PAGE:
SOURCE: PEN America
Yesterday, the BBC News Service's Twitter feed provided first-hand accounts from those who were on Tiananmen Square the night of June 3 to June 4—when the People's Liberation Army gave the order to take back the Square "at all costs," despite intellectuals like Liu Xiaobo mediating with the troops for the protesters' safe withdrawl. The audio clips are haunting.
Twenty-five years later, a collective amnesia has set in as living standards have skyrocketed, educational opportunities seem more plentiful, and the enforced silence by the Chinese govenrment has compelled people to forget. And it seems to have worked, mostly.
Except for the 15 writers, scholars, lawyers, and activists who had gathered at the home of film professor Hao Jian to remember, all of whom were arrested and five remain detained.
Except for Hu Jia, who, at 15, took part in the protests at Tiananmen and is commemorating June 4 while under house arrest.
Except for Liao Yiwu, who spent years in prison after the crackdown for reciting his epic poem "Massacre" in a small town in Sichuan Province and is now in exile.
SOURCE: PEN America
SOURCE: Foreign Affairs
SOURCE: New York Times
Senator Sherrod Brown, Chairman and Representative Christopher Smith,
Cochairman announce a hearing on
“Tiananmen at 25:
Enduring Influence on U.S.-China Relations and China’s Political Development”
Tuesday, May 20, 2014 | 3:30 p.m. to 5:00 p.m. | Dirksen Senate Office Building, Room 562
In 1989 citizens from all walks of life participated in demonstrations in Beijing’s Tiananmen Square and throughout China calling for political reform, respect for universal freedoms of speech, assembly, and association, and an end to government corruption. The government’s violent suppression of the protests in June of that year had far-reaching ramifications for both the development of human rights and rule of law in China and U.S.-China relations. In the years since, Chinese authorities have censored public discussion of Tiananmen and prevented a public accounting of what happened. At the same time, Chinese citizens continue to advocate for human rights, democracy, and an end to corruption. Witnesses at this CECC hearing will revisit the events of 1989 and discuss how the Tiananmen crackdown influenced both China’s societal and political development and U.S.-China relations over the last 25 years.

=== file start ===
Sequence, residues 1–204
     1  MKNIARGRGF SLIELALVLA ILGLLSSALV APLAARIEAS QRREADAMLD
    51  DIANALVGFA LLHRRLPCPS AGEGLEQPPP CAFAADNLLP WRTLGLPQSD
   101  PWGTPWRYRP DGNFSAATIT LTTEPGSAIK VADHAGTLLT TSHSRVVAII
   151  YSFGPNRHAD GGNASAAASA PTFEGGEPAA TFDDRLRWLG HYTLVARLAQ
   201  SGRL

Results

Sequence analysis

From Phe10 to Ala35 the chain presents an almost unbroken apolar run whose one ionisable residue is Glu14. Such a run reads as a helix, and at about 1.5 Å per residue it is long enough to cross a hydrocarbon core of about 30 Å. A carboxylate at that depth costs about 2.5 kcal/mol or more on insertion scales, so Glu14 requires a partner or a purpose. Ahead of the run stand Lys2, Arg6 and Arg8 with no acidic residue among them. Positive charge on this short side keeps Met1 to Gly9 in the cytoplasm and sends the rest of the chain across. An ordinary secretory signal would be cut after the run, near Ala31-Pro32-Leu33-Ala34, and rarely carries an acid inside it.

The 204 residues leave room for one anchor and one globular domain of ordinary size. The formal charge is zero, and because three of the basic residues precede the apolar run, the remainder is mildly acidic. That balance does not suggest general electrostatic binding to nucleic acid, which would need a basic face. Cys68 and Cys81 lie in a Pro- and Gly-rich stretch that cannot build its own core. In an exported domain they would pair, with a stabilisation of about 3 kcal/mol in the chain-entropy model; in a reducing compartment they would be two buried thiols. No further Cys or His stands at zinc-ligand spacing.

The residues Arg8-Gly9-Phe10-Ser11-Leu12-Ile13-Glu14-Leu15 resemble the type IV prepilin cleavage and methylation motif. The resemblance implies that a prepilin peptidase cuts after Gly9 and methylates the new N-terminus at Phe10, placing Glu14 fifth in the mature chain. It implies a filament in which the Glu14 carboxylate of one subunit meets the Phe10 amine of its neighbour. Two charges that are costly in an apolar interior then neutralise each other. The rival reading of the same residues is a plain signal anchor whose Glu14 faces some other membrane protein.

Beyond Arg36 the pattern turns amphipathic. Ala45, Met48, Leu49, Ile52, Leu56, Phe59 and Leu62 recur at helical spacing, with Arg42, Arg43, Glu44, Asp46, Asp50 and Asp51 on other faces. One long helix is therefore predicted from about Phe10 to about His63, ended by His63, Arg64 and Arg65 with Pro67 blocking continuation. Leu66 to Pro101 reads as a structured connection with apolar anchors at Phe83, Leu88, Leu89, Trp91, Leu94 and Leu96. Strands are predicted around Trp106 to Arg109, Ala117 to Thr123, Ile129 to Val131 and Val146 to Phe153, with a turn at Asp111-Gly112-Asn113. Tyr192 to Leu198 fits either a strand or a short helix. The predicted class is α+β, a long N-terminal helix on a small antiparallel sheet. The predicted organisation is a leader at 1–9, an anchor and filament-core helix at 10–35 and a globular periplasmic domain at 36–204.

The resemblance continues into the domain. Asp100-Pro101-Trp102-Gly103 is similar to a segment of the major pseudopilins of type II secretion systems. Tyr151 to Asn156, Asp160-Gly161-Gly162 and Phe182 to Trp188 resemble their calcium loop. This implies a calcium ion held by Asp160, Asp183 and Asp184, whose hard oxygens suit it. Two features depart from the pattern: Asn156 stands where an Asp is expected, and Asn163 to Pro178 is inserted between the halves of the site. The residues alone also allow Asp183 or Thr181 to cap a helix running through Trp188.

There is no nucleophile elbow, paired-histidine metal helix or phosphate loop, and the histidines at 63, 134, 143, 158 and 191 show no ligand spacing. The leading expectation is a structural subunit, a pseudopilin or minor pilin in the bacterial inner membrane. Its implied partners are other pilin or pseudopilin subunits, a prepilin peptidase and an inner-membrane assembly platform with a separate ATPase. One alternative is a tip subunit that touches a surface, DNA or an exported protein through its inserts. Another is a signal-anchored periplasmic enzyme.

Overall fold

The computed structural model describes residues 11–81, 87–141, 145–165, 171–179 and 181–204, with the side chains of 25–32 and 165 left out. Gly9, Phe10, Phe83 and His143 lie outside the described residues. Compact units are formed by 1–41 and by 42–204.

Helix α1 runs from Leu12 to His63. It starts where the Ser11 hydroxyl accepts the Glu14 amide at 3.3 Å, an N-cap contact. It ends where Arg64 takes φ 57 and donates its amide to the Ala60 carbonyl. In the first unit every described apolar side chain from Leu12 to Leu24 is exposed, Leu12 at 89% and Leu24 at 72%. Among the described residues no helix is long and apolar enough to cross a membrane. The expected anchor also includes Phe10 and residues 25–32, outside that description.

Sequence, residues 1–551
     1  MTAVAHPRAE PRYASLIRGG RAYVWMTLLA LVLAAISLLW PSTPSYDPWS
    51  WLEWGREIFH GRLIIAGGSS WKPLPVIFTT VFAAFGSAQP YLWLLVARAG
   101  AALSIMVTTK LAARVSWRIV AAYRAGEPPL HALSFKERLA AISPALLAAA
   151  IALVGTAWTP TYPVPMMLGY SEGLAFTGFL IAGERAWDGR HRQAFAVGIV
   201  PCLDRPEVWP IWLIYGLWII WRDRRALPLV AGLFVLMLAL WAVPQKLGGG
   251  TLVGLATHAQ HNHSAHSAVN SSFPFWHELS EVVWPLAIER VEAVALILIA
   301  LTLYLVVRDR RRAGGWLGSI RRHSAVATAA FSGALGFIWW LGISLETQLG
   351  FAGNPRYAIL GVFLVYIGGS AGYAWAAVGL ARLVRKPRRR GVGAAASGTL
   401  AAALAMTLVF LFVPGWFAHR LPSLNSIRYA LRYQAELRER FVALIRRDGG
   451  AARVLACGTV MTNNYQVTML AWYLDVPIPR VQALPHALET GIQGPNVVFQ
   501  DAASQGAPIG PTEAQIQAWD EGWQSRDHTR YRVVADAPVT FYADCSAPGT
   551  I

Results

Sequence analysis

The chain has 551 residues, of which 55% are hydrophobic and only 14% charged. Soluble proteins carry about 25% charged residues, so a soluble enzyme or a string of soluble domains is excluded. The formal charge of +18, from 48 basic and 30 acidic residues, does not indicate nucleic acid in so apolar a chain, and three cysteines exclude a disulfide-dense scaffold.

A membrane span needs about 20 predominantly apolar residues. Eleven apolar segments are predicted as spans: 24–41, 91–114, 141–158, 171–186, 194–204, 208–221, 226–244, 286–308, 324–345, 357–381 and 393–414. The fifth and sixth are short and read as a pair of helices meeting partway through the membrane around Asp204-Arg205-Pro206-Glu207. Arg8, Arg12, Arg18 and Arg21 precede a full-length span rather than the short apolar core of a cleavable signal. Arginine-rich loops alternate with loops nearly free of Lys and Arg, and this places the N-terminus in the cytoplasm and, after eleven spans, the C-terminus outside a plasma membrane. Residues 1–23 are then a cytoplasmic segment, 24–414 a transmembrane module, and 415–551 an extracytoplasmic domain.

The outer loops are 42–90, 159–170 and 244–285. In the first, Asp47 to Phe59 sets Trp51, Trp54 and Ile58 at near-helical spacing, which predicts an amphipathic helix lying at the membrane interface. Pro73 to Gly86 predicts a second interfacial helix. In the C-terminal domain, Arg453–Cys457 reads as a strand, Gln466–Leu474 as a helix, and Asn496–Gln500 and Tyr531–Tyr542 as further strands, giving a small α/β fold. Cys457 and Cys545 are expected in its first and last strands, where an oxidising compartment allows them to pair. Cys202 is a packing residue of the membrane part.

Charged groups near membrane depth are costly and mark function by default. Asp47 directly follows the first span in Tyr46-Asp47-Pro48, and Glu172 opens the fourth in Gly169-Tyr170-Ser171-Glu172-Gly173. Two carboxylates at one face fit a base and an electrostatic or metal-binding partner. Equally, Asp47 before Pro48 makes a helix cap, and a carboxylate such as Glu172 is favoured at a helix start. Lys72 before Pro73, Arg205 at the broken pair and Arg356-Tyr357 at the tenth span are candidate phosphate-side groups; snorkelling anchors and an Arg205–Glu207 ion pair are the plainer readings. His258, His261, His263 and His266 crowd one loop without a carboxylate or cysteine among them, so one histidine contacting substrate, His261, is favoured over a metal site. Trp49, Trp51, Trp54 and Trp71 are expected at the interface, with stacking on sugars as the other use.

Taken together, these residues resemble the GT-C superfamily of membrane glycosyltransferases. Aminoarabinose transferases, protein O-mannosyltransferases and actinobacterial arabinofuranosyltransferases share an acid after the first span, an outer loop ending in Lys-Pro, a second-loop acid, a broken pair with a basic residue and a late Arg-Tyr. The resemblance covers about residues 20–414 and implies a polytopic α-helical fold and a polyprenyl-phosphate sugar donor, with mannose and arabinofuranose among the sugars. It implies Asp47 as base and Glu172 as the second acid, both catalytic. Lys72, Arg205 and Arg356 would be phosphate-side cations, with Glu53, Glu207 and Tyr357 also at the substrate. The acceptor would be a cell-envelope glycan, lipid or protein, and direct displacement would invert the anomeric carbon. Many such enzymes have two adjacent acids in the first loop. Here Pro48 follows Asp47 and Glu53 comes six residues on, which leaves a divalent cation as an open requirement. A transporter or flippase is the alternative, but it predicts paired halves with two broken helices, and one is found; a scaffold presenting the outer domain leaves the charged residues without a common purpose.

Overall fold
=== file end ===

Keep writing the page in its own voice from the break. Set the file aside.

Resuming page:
Honorable Stapleton Roy, former U.S. Ambassador to the People’s Republic of China, 1991-1995
Honorable Winston Lord, former U.S. Ambassador to the People’s Republic of China, 1985-1989
Rowena He, Lecturer, Harvard University
Jeffrey Wasserstrom, Chancellor’s Professor of History, University of California, Irvine
Liane Lee, Eyewitness to June 4th events as part of Hong Kong Federation of Students delegation
*****Additional witnesses may be added
The hearing will be webcast live here.
The Congressional-Executive Commission on China, established by the U.S.-China Relations Act of 2000 as China prepared to enter the World Trade Organization, is mandated by law to monitor human rights, including worker rights, and the development of the rule of law in China. The Commission by mandate also maintains a database of information on political prisoners in China-individuals who have been imprisoned by the Chinese government for exercising their civil and political rights under China's Constitution and laws or under China's international human rights obligations. All of the Commission's reporting and its Political Prisoner Database are available to the public online via the Commission's Web site, http://www.cecc.gov.
SOURCE: The Telegraph
Source: Voice of America
Source: Boston Globe
Tiananmen Massacre Presentation